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TO MR. JOHN HITZ Tuscumbia, Alabama, Dec. 19, 1892.My Dear Mr. Hitz, I hardly know how to begin a letter to you, it has been such a long time since your kind letter reached me, and there is so much that I would like to write if I could. You must have wondered why your letter has not had an answer, and perhaps you have thought Teacher and me very naughty indeed. If so, you will be very sorry when I tell you something. Teacher's eyes have been hurting her so that she could not write to any one, and I have been trying to fulfil a promise which I made last summer. Before I left Boston, I was asked to write a sketch of my life for the Youth's Companion. I had intended to write the sketch during my vacation: but I was not well, and I did not feel able to write even to my friends. But when the bright, pleasant autumn days came, and I felt strong again I began to think about the sketch. It was some time before I could plan it to suit me. You see, it is not very pleasant to write all about one's self. At last, however, I got something bit by bit that Teacher thought would do, and I set about putting the scraps together, which was not an easy task: for, although I worked some on it every day, I did not finish it until a week ago Saturday. I sent the sketch to the Companion as soon as it was finished; but I do not know that they will accept it. Since then, I have not been well, and I have been obliged to keep very quiet, and rest; but to-day I am better, and to-morrow I shall be well again, I hope.The reports which you have read in the paper about me are not true at all. We received the Silent Worker which you sent, and I wrote right away to the editor to tell him that it was a mistake. Sometimes I am not well; but I am not a "wreck," and there is nothing "distressing" about my condition.I enjoyed your dear letter so much! I am always delighted when anyone writes me a beautiful thought which I can treasure in my memory forever. It is because my books are full of the riches of which Mr. Ruskin speaks that I love them so dearly. I did not realize until I began to write the sketch for the Companion, what precious companions books have been to me, and how blessed even my life has been: and now I am happier than ever because I do realize the happiness that has come to me. I hope you will write to me as often as you can. Teacher and I are always delighted to hear from you. I want to write to Mr. Bell and send him my picture. I suppose he has been too busy to write to his little friend. I often think of the pleasant time we had all together in Boston last spring.Now I am going to tell you a secret. I think we, Teacher, and my father and little sister, and myself, will visit Washington next March!!! Then I shall see you, and dear Mr. Bell, and Elsie and Daisy again! Would not it be lovely if Mrs. Pratt could meet us there? I think I will write to her and tell her the secret too.... Lovingly your little friend,HELEN KELLER. P.S. Teacher says you want to know what kind of a pet I would like to have. I love all living things,--I suppose everyone does; but of course I cannot have a menagerie. I have a beautiful pony, and a large dog. And I would like a little dog to hold in my lap, or a big pussy (there are no fine cats in Tuscumbia) or a parrot. I would like to feel a parrot talk, it would be so much fun! but I would be pleased with, and love any little creature you send me. H. K.TO MISS CAROLINE DERBY Tuscumbia, Alabama, February 18, 1893. ...You have often been in my thoughts during these sad days, while my heart has been grieving over the loss of my beloved friend [Phillips Brooks died January 23, 1893], and I have wished many times that I was in Boston with those who knew and loved him as I did... he was so much of a friend to me! so tender and loving always! I do try not to mourn his death too sadly. I do try to think that he is still near, very near; but sometimes the thought that he is not here, that I shall not see him when I go to Boston,--that he is gone,--rushes over my soul like a great wave of sorrow. But at other times, when I am happier, I do feel his beautiful presence, and his loving hand leading me in pleasant ways. Do you remember the happy hour we spent with him last June when he held my hand, as he always did, and talked to us about his friend Tennyson, and our own dear poet Dr. Holmes, and I tried to teach him the manual alphabet, and he laughed so gaily over his mistakes, and afterward I told him about my tea, and he promised to come? I can hear him now, saying in his cheerful, decided way, in reply to my wish that my tea might be a success, "Of course it will, Helen. Put your whole heart in the good work, my child, and it cannot fail." I am glad the people are going to raise a monument to his memory....In March Helen and Miss Sullivan went North, and spent the next few months traveling and visiting friends.In reading this letter about Niagara one should remember that Miss Keller knows distance and shape, and that the size of Niagara is within her experience after she has explored it, crossed the bridge and gone down in the elevator. Especially important are such details as her feeling the rush of the water by putting her hand on the window. Dr. Bell gave her a down pillow, which she held against her to increase the vibrations.TO MRS. KATE ADAMS KELLER South Boston, April 13, 1893. ...Teacher, Mrs. Pratt and I very unexpectedly decided to take a journey with dear Dr. Bell Mr. Westervelt, a gentleman whom father met in Washington, has a school for the deaf in Rochester. We went there first....Mr. Westervelt gave us a reception one afternoon. A great many people came. Some of them asked odd questions. A lady seemed surprised that I loved flowers when I could not see their beautiful colors, and when I assured her I did love them, she said, "no doubt you feel the colors with your fingers." But of course, it is not alone for their bright colors that we love the flowers.... A gentleman asked me what BEAUTY meant to my mind. I must confess I was puzzled at first. But after a minute I answered that beauty was a form of goodness--and he went away.When the reception was over we went back to the hotel and teacher slept quite unconscious of the surprise which was in store for her. Mr. Bell and I planned it together, and Mr. Bell made all the arrangements before we told teacher anything about it. This was the surprise--I was to have the pleasure of taking my dear teacher to see Niagara Falls!...The hotel was so near the river that I could feel it rushing past by putting my hand on the window. The next morning the sun rose bright and warm, and we got up quickly for our hearts were full of pleasant expectation.... You can never imagine how I felt when I stood in the presence of Niagara until you have the same mysterious sensations yourself. I could hardly realize that it was water that I felt rushing and plunging with impetuous fury at my feet. It seemed as if it were some living thing rushing on to some terrible fate. I wish I could describe the cataract as it is, its beauty and awful grandeur, and the fearful and irresistible plunge of its waters over the brow of the precipice. One feels helpless and overwhelmed in the presence of such a vast force. I had the same feeling once before when I first stood by the great ocean and felt its waves beating against the shore. I suppose you feel so, too, when you gaze up to the stars in the stillness of the night, do you not?... We went down a hundred and twenty feet in an elevator that we might see the violent eddies and whirlpools in the deep gorge below the Falls. Within two miles of the Falls is a wonderful suspension bridge. It is thrown across the gorge at a height of two hundred and fifty-eight feet above the water and is supported on each bank by towers of solid rock, which are eight hundred feet apart. When we crossed over to the Canadian side, I cried, "God save the Queen!" Teacher said I was a little traitor. But I do not think so. I was only doing as the Canadians do, while I was in their country, and besides I honor England's good queen.You will be pleased, dear Mother, to hear that a kind lady whose name is Miss Hooker is endeavoring to improve my speech. Oh, I do so hope and pray that I shall speak well some day!...Mr. Munsell spent last Sunday evening with us. How you would have enjoyed hearing him tell about Venice! His beautiful word-pictures made us feel as if we were sitting in the shadow of San Marco, dreaming, or sailing upon the moonlit canal.... I hope when I visit Venice, as I surely shall some day, that Mr. Munsell will go with me. That is my castle in the air. You see, none of my friends describe things to me so vividly and so beautifully as he does....Her visit to the World's Fair she described in a letter to Mr. John P. Spaulding, which was published in St. Nicholas, and is much like the following letter. In a prefatory note which Miss Sullivan wrote for St. Nicholas, she says that people frequently said to her, "Helen sees more with her fingers than we do with our eyes." The President of the Exposition gave her this letter:TO THE CHIEFS OF THE DEPARTMENTS AND OFFICERS IN CHARGE OF BUILDINGS AND EXHIBITSGENTLEMEN--The bearer, Miss Helen Keller, accompanied by Miss Sullivan, is desirous of making a complete inspection of the Exposition in all Departments. She is blind and deaf, but is able to converse, and is introduced to me as one having a wonderful ability to understand the objects she visits, and as being possessed of a high order of intelligence and of culture beyond her years. Please favour her with every facility to examine the exhibits in the several Departments, and extend to her such other courtesies as may be possible.Thanking you in advance for the same, I am, with respect, Very truly yours, (signed) H. N. HIGINBOTHAM, President.TO MISS CAROLINE DERBY Hulton, Penn., August 17, 1893....Every one at the Fair was very kind to me... Nearly all of the exhibitors seemed perfectly willing to let me touch the most delicate things, and they were very nice about explaining everything to me. A French gentleman, whose name I cannot remember, showed me the great French bronzes. I believe they gave me more pleasure than anything else at the Fair: they were so lifelike and wonderful to my touch. Dr. Bell went with us himself to the electrical building, and showed us some of the historical telephones. I saw the one through which Emperor Dom Pedro listened to the words, "To be, or not to be," at the Centennial. Dr. Gillett of Illinois took us to the Liberal Arts and Woman's buildings. In the former I visited Tiffany's exhibit, and held the beautiful Tiffany diamond, which is valued at one hundred thousand dollars, and touched many other rare and costly things. I sat in King Ludwig's armchair and felt like a queen when Dr. Gillett remarked that I had many loyal subjects. At the Woman's building we met the Princess Maria Schaovskoy of Russia, and a beautiful Syrian lady. I liked them both very much. I went to the Japanese department with Prof. Morse who is a well-known lecturer. I never realized what a wonderful people the Japanese are until I saw their most interesting exhibit. Japan must indeed be a paradise for children to judge from the great number of playthings which are manufactured there. The queer-looking Japanese musical instruments, and their beautiful works of art were interesting. The Japanese books are very odd. There are forty-seven letters in their alphabets. Prof. Morse knows a great deal about Japan, and is very kind and wise. He invited me to visit his museum in Salem the next time I go to Boston. But I think I enjoyed the sails on the tranquil lagoon, and the lovely scenes, as my friends described them to me, more than anything else at the Fair. Once, while we were out on the water, the sun went down over the rim of the earth, and threw a soft, rosy light over the White City, making it look more than ever like Dreamland....Of course, we visited the Midway Plaisance. It was a bewildering and fascinating place. I went into the streets of Cairo, and rode on the camel. That was fine fun. We also rode in the Ferris wheel, and on the ice-railway, and had a sail in the Whale-back....In the spring of 1893 a club was started in Tuscumbia, of which Mrs. Keller was president, to establish a public library. Miss Keller says:"I wrote to my friends about the work and enlisted their sympathy. Several hundred books, including many fine ones, were sent to me in a short time, as well as money and encouragement. This generous assistance encouraged the ladies, and they have gone on collecting and buying books ever since, until now they have a very respectable public library in the town."TO MRS. CHARLES E. INCHES Hulton, Penn., Oct. 21, 1893. ...We spent September at home in Tuscumbia... and were all very happy together.... Our quiet mountain home was especially attractive and restful after the excitement and fatigue of our visit to the World's Fair. We enjoyed the beauty and solitude of the hills more than ever.And now we are in Hulton, Penn. again where I am going to study this winter with a tutor assisted by my dear teacher. I study Arithmetic, Latin and literature. I enjoy my lessons very much. It is so pleasant to learn about new things. Every day I find how little I know, but I do not feel discouraged since God has given me an eternity in which to learn more. In literature I am studying Longfellow's poetry. I know a great deal of it by heart, for I loved it long before I knew a metaphor from a synecdoche. I used to say I did not like arithmetic very well, but now I have changed my mind. I see what a good and useful study it is, though I must confess my mind wanders from it sometimes! for, nice and useful as arithmetic is, it is not as interesting as a beautiful poem or a lovely story. But bless me, how time does fly. I have only a few moments left in which to answer your questions about the "Helen Keller" Public Library.1. I think there are about 3,000 people in Tuscumbia, Ala., and perhaps half of them are colored people. 2. At present there is no library of any sort in the town. That is why I thought about starting one. My mother and several of my lady friends said they would help me, and they formed a club, the object of which is to work for the establishment of a free public library in Tuscumbia. They have now about 100 books and about in money, and a kind gentleman has given us land on which to erect a library building. But in the meantime the club has rented a little room in a central part of the town, and the books which we already have are free to all. 3. Only a few of my kind friends in Boston know anything about the library. I did not like to trouble them while I was trying to get money for poor little Tommy, for of course it was more important that he should be educated than that my people should have books to read. 4. I do not know what books we have, but I think it is a miscellaneous (I think that is the word) collection....P.S. My teacher thinks it would be more businesslike to say that a list of the contributors toward the building fund will be kept and published in my father's paper, the "North Alabamian." H. K.TO MISS CAROLINE DERBY Hulton, Penn., December 28, 1893. ...Please thank dear Miss Derby for me for the pretty shield which she sent me. It is a very interesting souvenir of Columbus, and of the Fair White City; but I cannot imagine what discoveries I have made,--I mean new discoveries. We are all discoverers in one sense, being born quite ignorant of all things; but I hardly think that is what she meant. Tell her she must explain why I am a discoverer....TO DR. EDWARD EVERETT HALE Hulton, Pennsylvania, January 14, [1894]. My dear Cousin: I had thought to write to you long before this in answer to your kind letter which I was so glad to receive, and to thank you for the beautiful little book which you sent me; but I have been very busy since the beginning of the New Year. The publication of my little story in the Youth's Companion has brought me a large number of letters,--last week I received sixty-one!--and besides replying to some of these letters, I have many lessons to learn, among them Arithmetic and Latin; and, you know, Caesar is Caesar still, imperious and tyrannical, and if a little girl would understand so great a man, and the wars and conquests of which he tells in his beautiful Latin language, she must study much and think much, and study and thought require time.I shall prize the little book always, not only for its own value; but because of its associations with you. It is a delight to think of you as the giver of one of your books into which, I am sure, you have wrought your own thoughts and feelings, and I thank you very much for remembering me in such a very beautiful way....In February Helen and Miss Sullivan returned to Tuscumbia. They spent the rest of the spring reading and studying. In the summer they attended the meeting at Chautauqua of the American Association for the Promotion of the Teaching of Speech to the Deaf, where Miss Sullivan read a paper on Helen Keller's education.In the fall Helen and Miss Sullivan entered the Wright-Humason School in New York, which makes a special of lip-reading and voice-culture. The "singing lessons" were to strengthen her voice. She had taken a few piano lessons at the Perkins Institution. The experiment was interesting, but of course came to little.TO MISS CAROLINE DERBY The Wright-Humason School. 42 West 76th St. New York. Oct. 23, 1894. ...The school is very pleasant, and bless you! it is quite fashionable.... I study Arithmetic, English Literature and United States History as I did last winter. I also keep a diary. I enjoy my singing lessons with Dr. Humason more than I can say. I expect to take piano lessons sometime....Last Saturday our kind teachers planned a delightful trip to Bedloe's Island to see Bartholdi's great statue of Liberty enlightening the world.... The ancient cannon, which look seaward, wear a very menacing expression; but I doubt if there is any unkindness in their rusty old hearts.Liberty is a gigantic figure of a woman in Greek draperies, holding in her right hand a torch.... A spiral stairway leads from the base of this pedestal to the torch. We climbed up to the head which will hold forty persons, and viewed the scene on which Liberty gazes day and night, and O, how wonderful it was! We did not wonder that the great French artist thought the place worthy to be the home of his grand ideal. The glorious bay lay calm and beautiful in the October sunshine, and the ships came and went like idle dreams; those seaward going slowly disappeared like clouds that change from gold to gray; those homeward coming sped more quickly like birds that seek their mother's nest....TO MISS CAROLINE DERBY The Wright-Humason School. New York, March 15, 1895. ...I think I have improved a little in lip-reading, though I still find it very difficult to read rapid speech; but I am sure I shall succeed some day if I only persevere. Dr. Humason is still trying to improve my speech. Oh, Carrie, how I should like to speak like other people! I should be willing to work night and day if it could only be accomplished. Think what a joy it would be to all of my friends to hear me speak naturally!! I wonder why it is so difficult and perplexing for a deaf child to learn to speak when it is so easy for other people; but I am sure I shall speak perfectly some time if I am only patient....Although I have been so busy, I have found time to read a good deal.... I have lately read "Wilhelm Tell" by Schiller, and "The Lost Vestal."... Now I am reading "Nathan the Wise" by Lessing and "King Arthur" by Miss Mulock....You know our kind teachers take us to see everything which they think will interest us, and we learn a great deal in that delightful way. On George Washington's birthday we all went to the Dog Show, and although there was a great crowd in the Madison Square Garden, and despite the bewilderment caused by the variety of sounds made by the dog-orchestra, which was very confusing to those who could hear them, we enjoyed the afternoon very much. Among the dogs which received the most attention were the bulldogs. They permitted themselves startling liberties when any one caressed them, crowding themselves almost into one's arms and helping themselves without ceremony to kisses, apparently unconscious of the impropriety of their conduct. Dear me, what unbeautiful little beasts they are! But they are so good natured and friendly, one cannot help liking them.Dr. Humason, Teacher, and I left the others at the Dog Show and went to a reception given by the "Metropolitan Club."... It is sometimes called the "Millionaires' Club." The building is magnificent, being built of white marble; the rooms are large and splendidly furnished; but I must confess, so much splendor is rather oppressive to me; and I didn't envy the millionaires in the least all the happiness their gorgeous surroundings are supposed to bring them....TO MRS. KATE ADAMS KELLER New York, March 31, 1895. ...Teacher and I spent the afternoon at Mr. Hutton's, and had a most delightful time!... We met Mr. Clemens and Mr. Howells there! I had known about them for a long time; but I had never thought that I should see them, and talk to them; and I can scarcely realize now that this great pleasure has been mine! But, much as I wonder that I, only a little girl of fourteen, should come in contact with so many distinguished people, I do realize that I am a very happy child, and very grateful for the many beautiful privileges I have enjoyed. The two distinguished authors were very gentle and kind, and I could not tell which of them I loved best. Mr. Clemens told us many entertaining stories, and made us laugh till we cried. I only wish you could have seen and heard him! He told us that he would go to Europe in a few days to bring his wife and his daughter, Jeanne, back to America, because Jeanne, who is studying in Paris, has learned so much in three years and a half that if he did not bring her home, she would soon know more than he did. I think Mark Twain is a very appropriate nom de plume for Mr. Clemens because it has a funny and quaint sound, and goes well with his amusing writings, and its nautical significance suggests the deep and beautiful things that he has written. I think he is very handsome indeed.... Teacher said she thought he looked something like Paradeuski. (If that is the way to spell the name.) Mr. Howells told me a little about Venice, which is one of his favorite cities, and spoke very tenderly of his dear little girl, Winnifred, who is now with God. He has another daughter, named Mildred, who knows Carrie. I might have seen Mrs. Wiggin, the sweet author of "Birds' Christmas Carol," but she had a dangerous cough and could not come. I was much disappointed not to see her, but I hope I shall have that pleasure some other time. Mr. Hutton gave me a lovely little glass, shaped like a thistle, which belonged to his dear mother, as a souvenir of my delightful visit. We also met Mr. Rogers... who kindly left his carriage to bring us home.When the Wright-Humason School closed for the summer, Miss Sullivan and Helen went South.TO MRS. LAURENCE HUTTON Tuscumbia, Alabama, July 29, 1895. ...I am spending my vacation very quietly and pleasantly at my beautiful, sunny home, with my loving parents, my darling little sister and my small brother, Phillips My precious teacher is with me too, and so of course I am happy I read a little, walk a little, write a little and play with the children a great deal, and the days slip by delightfully!...My friends are so pleased with the improvement which I made in speech and lip-reading last year, that it has been decided best for me to continue my studies in New York another year I am delighted at the prospect, of spending another year in your great city I used to think that I should never feel "at home" in New York, but since I have made the acquaintance of so many people, and can look back to such a bright and successful winter there, I find myself looking forward to next year, and anticipating still brighter and better times in the MetropolisPlease give my kindest love to Mr Hutton, and Mrs Riggs and Mr Warner too, although I have never had the pleasure of knowing him personally As I listen Venicewards, I hear Mr Hutton's pen dancing over the pages of his new book It is a pleasant sound because it is full of promise How much I shall enjoy reading it!Please pardon me, my dear Mrs Hutton, for sending you a typewritten letter across the ocean I have tried several times to write with a pencil on my little writing machine since I came home; but I have found it very difficult to do so on account of the heat The moisture of my hand soils and blurs the paper so dreadfully, that I am compelled to use my typewriter altogether And it is not my "Remington" either, but a naughty little thing that gets out of order on the slightest provocation, and cannot be induced to make a period...TO MRS. WILLIAM THAW New York, October 16, 1895. Here we are once more in the great metropolis! We left Hulton Friday night and arrived here Saturday morning. Our friends were greatly surprised to see us, as they had not expected us before the last of this month. I rested Saturday afternoon, for I was very tired, and Sunday I visited with my schoolmates, and now that I feel quite rested, I am going to write to you; for I know you will want to hear that we reached New York safely. We had to change cars at Philadelphia; but we did not mind it much. After we had had our breakfast, Teacher asked one of the train-men in the station if the New York train was made up. He said no, it would not be called for about fifteen minutes; so we sat down to wait; but in a moment the man came back and asked Teacher if we would like to go to the train at once. She said we would, and he took us way out on the track and put us on board our train. Thus we avoided the rush and had a nice quiet visit before the train started. Was that not very kind? So it always is. Some one is ever ready to scatter little acts of kindness along our pathway, making it smooth and pleasant...We had a quiet but very pleasant time in Hulton. Mr. Wade is just as dear and good as ever! He has lately had several books printed in England for me, "Old Mortality," "The Castle of Otranto" and "King of No-land."... risk of binance dual investment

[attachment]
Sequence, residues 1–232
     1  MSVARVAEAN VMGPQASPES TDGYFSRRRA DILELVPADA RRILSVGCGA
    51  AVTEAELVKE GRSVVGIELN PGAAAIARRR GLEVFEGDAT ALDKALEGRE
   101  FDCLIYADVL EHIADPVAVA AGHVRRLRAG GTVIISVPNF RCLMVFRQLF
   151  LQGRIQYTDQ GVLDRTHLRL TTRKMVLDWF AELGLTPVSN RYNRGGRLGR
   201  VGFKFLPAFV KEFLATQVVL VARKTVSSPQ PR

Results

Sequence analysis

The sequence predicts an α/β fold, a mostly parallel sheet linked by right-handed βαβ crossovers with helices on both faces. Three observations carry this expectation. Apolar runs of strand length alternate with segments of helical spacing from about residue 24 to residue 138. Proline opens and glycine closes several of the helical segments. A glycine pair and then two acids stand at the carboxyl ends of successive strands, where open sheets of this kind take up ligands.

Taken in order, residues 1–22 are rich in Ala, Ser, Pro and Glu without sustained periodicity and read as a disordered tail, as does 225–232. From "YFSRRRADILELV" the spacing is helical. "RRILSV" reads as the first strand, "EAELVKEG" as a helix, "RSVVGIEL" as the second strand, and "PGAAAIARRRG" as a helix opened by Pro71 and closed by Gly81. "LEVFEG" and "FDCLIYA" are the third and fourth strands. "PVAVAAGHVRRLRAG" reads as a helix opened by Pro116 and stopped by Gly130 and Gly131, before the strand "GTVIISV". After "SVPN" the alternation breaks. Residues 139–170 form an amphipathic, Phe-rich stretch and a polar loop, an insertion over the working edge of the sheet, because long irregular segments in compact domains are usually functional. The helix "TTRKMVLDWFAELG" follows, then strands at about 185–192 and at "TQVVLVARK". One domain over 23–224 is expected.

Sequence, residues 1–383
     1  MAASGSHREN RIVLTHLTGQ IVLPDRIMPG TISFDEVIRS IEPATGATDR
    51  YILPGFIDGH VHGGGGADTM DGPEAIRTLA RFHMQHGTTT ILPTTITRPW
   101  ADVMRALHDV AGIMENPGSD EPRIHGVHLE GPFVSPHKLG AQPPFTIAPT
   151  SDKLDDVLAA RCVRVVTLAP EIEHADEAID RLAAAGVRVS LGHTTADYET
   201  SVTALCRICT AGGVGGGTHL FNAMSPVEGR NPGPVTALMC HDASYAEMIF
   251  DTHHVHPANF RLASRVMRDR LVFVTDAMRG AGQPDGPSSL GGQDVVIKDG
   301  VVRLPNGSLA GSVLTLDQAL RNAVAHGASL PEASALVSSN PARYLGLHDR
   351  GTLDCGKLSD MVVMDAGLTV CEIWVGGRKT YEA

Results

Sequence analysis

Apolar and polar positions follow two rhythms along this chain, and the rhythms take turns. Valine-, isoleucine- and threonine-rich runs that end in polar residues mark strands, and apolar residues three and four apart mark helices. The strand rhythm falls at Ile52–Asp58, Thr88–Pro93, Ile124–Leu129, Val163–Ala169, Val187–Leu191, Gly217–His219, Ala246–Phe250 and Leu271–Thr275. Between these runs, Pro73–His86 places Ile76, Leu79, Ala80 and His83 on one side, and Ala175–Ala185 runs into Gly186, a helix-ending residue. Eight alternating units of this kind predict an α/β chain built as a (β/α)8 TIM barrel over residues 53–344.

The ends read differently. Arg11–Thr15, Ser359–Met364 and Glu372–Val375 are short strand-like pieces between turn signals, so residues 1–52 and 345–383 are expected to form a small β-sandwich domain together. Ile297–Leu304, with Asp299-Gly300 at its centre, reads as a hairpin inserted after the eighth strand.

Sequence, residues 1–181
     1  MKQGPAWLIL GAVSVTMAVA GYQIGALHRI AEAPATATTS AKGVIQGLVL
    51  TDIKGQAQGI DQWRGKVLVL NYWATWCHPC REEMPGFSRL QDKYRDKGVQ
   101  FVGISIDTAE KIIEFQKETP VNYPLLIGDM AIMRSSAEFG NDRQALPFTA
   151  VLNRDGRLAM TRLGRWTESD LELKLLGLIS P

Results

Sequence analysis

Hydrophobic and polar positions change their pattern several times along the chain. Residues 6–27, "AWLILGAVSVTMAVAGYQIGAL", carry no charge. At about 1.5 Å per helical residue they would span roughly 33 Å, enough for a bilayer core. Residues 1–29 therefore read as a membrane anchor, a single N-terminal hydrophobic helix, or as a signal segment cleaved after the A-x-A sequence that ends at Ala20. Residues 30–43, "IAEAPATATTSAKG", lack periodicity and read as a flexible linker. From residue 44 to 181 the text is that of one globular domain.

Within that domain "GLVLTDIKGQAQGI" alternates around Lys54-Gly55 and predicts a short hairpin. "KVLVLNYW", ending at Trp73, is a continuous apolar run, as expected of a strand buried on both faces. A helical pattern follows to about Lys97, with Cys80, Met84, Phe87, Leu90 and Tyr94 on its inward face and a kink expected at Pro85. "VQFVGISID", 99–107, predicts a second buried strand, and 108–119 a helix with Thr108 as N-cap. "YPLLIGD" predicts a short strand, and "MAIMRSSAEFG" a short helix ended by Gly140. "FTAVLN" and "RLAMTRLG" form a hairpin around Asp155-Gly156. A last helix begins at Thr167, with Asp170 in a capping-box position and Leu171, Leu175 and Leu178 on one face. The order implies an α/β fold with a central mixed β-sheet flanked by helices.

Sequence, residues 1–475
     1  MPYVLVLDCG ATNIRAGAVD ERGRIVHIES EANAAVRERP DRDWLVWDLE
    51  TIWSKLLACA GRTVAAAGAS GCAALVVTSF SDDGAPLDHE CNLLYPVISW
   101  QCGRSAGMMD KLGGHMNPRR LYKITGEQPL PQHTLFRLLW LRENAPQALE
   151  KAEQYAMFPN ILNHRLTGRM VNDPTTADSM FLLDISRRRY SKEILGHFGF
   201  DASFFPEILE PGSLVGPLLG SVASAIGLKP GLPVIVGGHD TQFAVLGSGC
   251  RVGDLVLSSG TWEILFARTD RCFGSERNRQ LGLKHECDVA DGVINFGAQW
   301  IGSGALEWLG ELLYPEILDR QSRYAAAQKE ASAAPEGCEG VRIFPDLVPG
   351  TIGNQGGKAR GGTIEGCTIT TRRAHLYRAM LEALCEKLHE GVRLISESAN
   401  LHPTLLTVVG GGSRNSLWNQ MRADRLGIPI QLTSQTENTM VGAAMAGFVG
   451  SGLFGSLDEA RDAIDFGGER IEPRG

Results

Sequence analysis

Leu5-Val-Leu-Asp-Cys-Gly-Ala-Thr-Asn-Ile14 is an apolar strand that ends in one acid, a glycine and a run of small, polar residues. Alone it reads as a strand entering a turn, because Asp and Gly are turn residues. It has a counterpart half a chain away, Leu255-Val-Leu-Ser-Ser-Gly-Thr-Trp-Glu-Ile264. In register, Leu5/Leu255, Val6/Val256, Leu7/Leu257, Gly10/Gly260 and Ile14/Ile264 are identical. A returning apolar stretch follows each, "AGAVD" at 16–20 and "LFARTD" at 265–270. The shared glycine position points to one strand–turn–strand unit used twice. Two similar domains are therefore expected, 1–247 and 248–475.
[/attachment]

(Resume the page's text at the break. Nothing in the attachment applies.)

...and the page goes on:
Language grows out of life, out of its needs and experiences. At first my little pupil's mind was all but vacant. She had been living in a world she could not realize. LANGUAGE and KNOWLEDGE are indissolubly connected; they are interdependent. Good work in language presupposes and depends on a real knowledge of things. As soon as Helen grasped the idea that everything had a name, and that by means of the manual alphabet these names could be transmitted from one to another, I proceeded to awaken her further interest in the OBJECTS whose names she learned to spell with such evident joy. I NEVER TAUGHT LANGUAGE FOR THE PURPOSE OF TEACHING IT; but invariably used language as a medium for the communication of THOUGHT; thus the learning of language was COINCIDENT with the acquisition of knowledge. In order to use language intelligently, one must have something to talk ABOUT, and having something to talk about is the result of having had experiences; no amount of language training will enable our little children to use language with ease and fluency unless they have something clearly in their minds which they wish to communicate, or unless we succeed in awakening in them a desire to know what is in the minds of others.